BAE Systems has been awarded a multi-million pound contract to repair and upgrade the UK Royal Air Force's (RAF) Tornado GR4 all-weather attack aircraft.
Under the terms of £125m contract, the company will maintain, repair and upgrade the Tornado GR4 fleet to ensure readiness to support the RAF's combat operations over the next five years.
Awarded by the UK Ministry of Defence (MoD), the contract is an extension of the original availability transformation: tornado aircraft contract (ATTAC) secured by the company in 2006.
The ATTAC B contract is expected to bring an estimated £90m savings to the UK taxpayer compared to the original agreement through greater efficiencies in fleet management, while securing more than 600 British engineering jobs.
UK Defence Secretary Philip Hammond said the Tornados play a critical role in supporting ground troops in Afghanistan and will continue to form the backbone of UK's ground attack capability until the arrival of F-35 fighter and full maturation of Typhoon's ground attack capability.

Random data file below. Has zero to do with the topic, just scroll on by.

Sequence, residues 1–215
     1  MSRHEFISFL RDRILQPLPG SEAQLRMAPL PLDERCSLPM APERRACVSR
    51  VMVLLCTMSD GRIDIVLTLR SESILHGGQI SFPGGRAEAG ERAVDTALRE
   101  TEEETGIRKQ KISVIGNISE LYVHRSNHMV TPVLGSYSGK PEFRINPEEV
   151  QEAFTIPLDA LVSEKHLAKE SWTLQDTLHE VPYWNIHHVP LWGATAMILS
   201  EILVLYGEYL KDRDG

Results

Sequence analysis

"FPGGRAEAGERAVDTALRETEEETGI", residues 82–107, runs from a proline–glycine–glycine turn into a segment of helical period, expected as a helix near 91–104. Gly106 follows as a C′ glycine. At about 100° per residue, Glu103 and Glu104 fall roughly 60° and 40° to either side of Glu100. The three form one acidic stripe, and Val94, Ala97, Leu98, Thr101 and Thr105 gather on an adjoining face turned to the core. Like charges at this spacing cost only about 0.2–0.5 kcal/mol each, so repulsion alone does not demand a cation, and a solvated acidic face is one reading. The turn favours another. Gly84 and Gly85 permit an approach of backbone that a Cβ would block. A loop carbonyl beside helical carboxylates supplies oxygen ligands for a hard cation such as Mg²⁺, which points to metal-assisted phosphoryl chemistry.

"This contract will help sustain the specialist skills across the UK which make Britain a world leader in engineering," Hammond said.
UK Defence Equipment and Support Organisation Materiel chief air marshal Simon Bollom said: "This ATTAC B contract builds on a firm foundation and delivers yet further improvements at reduced cost which will keep Tornado operating at the highest level for the next five years."
Tornado is a twin engine, variable-sweep wing combat aircraft being developed by Panavia, a consortium of Alenia Aeronautica, EADS and BAE Systems in three primary variants, including the Tornado interdictor/strike (IDS) fighter-bomber, electronic combat/reconnaissance (ECR) version and an air defence variant (ADV) interceptor.
Having earlier supported operations in Iraq, Kosovo and Libya, the RAF's Tornado GR4 is currently deployed in Afghanistan, providing vital air support to UK and wider International Security Assistance Force (ISAF) operations.
Work under the contract is scheduled to continue until the aircraft are decommissioned in 2019.
Image: A Royal Air Force Tornado fighter takes off. Photo: Sergeant Paul Oldfield, Crown ©.